A global assessment of the vulnerability of shellfish aquaculture to climate change and ocean acidification

Phoebe J. Stewart‐sinclair, Kim S. Last, Ben L. Payne, Thomas Wilding

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1 Citation (Scopus)
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Abstract

Human-induced climate change and ocean acidification (CC-OA) is changing the physical and biological processes occurring within the marine environment, with poorly understood implications for marine life. Within the aquaculture sector, mol-luskan culture is a relatively benign method of producing a high-quality, healthy, and sustainable protein source for the expanding human population. We modeled the vulnerability of global bivalve mariculture to impacts of CC-OA over the period 2020–2100, under RCP8.5. Vulnerability, assessed at the national level, was depend-ent on CC-OA-related exposure, taxon-specific sensitivity and adaptive capacity in the sector. Exposure risk increased over time from 2020 to 2100, with ten nations predicted to experience very high exposure to CC-OA in at least one decade during the period 2020–2100. Predicted high sensitivity in developing countries resulted, primarily, from the cultivation of species that have a narrow habitat tolerance, while in some European nations (France, Ireland, Italy, Portugal, and Spain) high sensitiv-ity was attributable to the relatively high economic value of the shellfish production sector. Predicted adaptive capacity was low in developing countries primarily due to governance issues, while in some developed countries (Denmark, Germany, Iceland, Netherlands, Sweden, and the United Kingdom) it was linked to limited species di-versity in the sector. Developing and least developed nations (n = 15) were predicted to have the highest overall vulnerability. Across all nations, 2060 was identified as a tipping point where predicted CC-OA will be associated with the greatest challenge to shellfish production. However, rapid declines in mollusk production are predicted to occur in the next decade for some nations, notably North Korea. Shellfish culture offers human society a low-impact source of sustainable protein. This research high-lights, on a global scale, the likely extent and nature of the CC-OA-related threat to shellfish culture and this sector enabling early-stage adaption and mitigation.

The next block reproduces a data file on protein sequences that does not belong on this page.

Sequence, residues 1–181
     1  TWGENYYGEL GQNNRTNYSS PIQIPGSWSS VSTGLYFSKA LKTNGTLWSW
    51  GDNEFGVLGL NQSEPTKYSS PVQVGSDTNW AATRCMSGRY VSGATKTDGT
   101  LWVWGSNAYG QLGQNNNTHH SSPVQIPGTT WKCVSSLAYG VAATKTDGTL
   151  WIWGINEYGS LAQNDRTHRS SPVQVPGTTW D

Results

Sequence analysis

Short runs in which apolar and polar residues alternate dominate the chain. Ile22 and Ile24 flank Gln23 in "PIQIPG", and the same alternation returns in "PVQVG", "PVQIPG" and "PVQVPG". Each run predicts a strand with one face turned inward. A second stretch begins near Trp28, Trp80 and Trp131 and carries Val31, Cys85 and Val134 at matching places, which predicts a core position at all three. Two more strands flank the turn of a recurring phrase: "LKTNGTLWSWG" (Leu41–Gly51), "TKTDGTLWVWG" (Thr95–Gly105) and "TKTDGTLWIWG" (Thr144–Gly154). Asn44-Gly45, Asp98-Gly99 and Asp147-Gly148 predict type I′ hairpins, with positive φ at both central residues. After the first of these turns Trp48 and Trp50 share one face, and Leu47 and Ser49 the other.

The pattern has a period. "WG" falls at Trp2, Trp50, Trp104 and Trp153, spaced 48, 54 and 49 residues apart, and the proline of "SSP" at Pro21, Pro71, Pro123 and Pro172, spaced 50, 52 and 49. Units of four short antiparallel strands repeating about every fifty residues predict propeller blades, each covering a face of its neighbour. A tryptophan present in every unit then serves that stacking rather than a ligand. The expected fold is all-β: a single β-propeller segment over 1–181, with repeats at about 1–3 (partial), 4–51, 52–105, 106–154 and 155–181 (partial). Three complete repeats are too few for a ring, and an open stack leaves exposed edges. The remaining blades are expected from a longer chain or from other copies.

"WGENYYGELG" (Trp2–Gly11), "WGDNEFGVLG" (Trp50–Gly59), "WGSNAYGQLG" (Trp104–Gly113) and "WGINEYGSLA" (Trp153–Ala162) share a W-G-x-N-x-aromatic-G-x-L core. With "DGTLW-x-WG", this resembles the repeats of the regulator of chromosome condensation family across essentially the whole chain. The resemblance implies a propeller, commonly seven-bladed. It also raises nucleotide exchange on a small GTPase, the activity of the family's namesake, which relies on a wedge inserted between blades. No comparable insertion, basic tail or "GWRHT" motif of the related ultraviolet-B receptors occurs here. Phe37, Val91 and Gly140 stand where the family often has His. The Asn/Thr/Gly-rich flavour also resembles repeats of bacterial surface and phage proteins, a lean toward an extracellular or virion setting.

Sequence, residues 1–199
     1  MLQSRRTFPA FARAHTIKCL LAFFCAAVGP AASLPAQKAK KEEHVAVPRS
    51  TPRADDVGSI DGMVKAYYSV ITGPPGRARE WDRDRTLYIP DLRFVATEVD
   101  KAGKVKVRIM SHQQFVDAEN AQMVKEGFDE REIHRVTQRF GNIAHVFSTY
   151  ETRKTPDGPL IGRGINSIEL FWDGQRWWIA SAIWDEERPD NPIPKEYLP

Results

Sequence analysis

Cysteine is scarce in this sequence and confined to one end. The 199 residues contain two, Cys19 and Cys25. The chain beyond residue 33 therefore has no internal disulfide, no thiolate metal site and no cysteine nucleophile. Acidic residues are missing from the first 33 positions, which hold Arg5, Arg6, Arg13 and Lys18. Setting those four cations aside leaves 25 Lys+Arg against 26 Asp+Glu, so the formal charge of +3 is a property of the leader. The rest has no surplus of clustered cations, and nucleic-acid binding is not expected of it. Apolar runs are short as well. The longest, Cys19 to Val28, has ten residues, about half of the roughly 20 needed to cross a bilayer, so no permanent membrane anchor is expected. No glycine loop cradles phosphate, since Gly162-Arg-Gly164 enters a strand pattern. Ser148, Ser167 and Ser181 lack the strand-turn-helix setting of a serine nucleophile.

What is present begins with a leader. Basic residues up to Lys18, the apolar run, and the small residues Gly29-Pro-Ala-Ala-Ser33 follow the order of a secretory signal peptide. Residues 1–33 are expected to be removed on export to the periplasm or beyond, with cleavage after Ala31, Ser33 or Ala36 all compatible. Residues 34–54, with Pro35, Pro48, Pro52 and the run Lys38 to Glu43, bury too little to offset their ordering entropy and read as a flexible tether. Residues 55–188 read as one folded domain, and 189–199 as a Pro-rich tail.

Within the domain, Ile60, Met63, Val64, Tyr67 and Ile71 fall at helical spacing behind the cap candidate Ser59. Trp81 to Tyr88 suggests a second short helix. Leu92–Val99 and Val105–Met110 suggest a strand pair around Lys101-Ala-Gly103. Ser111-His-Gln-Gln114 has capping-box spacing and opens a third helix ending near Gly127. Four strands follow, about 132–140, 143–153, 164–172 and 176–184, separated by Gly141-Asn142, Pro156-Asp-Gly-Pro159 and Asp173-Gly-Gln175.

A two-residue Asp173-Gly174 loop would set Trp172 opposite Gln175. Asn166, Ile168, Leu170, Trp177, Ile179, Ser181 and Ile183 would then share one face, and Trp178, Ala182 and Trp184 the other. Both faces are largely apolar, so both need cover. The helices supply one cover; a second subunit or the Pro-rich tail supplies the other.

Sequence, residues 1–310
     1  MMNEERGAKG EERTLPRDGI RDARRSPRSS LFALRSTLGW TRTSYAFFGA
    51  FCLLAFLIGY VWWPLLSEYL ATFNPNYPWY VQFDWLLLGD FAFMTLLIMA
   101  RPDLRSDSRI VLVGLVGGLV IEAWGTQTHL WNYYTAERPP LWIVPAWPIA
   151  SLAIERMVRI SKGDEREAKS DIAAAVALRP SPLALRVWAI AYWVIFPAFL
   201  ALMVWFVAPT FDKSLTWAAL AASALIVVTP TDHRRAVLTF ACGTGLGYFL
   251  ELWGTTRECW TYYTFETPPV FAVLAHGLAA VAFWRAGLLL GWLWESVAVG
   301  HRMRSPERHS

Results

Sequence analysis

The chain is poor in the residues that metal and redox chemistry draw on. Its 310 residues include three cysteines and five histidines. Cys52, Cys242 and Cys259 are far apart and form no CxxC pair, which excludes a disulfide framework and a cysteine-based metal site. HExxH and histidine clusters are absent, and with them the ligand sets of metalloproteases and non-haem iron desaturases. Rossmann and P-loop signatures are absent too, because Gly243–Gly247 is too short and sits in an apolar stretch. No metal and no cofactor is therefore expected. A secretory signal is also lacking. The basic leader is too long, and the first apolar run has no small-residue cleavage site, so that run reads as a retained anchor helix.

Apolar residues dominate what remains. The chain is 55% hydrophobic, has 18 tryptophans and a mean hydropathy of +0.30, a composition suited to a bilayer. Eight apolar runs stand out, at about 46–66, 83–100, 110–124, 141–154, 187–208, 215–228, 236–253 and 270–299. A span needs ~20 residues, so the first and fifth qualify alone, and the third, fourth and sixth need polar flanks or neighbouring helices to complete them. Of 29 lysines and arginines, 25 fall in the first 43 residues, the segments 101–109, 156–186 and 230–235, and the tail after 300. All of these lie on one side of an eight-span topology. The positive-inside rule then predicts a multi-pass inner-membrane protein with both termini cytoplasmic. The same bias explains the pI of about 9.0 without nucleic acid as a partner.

Original languageEnglish
Number of pages17
JournalEcology and Evolution
Early online date12 Mar 2020
DOIs
Publication statusE-pub ahead of print - 12 Mar 2020

Keywords

  • aquaculture
  • climate change
  • food-security
  • ocean acidification
  • shellfish
  • vulnerability assessment

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